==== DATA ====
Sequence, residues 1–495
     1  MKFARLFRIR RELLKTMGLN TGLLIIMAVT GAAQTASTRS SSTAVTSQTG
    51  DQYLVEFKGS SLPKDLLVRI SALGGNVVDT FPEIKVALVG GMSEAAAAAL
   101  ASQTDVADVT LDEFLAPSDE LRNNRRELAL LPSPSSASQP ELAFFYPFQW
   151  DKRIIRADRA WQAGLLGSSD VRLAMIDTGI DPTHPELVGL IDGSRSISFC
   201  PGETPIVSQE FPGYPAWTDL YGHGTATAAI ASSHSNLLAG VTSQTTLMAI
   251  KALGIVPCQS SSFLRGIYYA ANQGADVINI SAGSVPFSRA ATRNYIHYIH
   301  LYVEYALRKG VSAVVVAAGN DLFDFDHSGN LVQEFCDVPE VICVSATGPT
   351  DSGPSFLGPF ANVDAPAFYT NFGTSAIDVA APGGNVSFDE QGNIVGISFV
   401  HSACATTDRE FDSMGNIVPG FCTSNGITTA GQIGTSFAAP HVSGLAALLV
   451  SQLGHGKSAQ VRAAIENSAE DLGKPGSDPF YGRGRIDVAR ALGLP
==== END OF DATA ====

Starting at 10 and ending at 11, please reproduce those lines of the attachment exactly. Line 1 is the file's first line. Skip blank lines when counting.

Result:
   401  HSACATTDRE FDSMGNIVPG FCTSNGITTA GQIGTSFAAP HVSGLAALLV
   451  SQLGHGKSAQ VRAAIENSAE DLGKPGSDPF YGRGRIDVAR ALGLP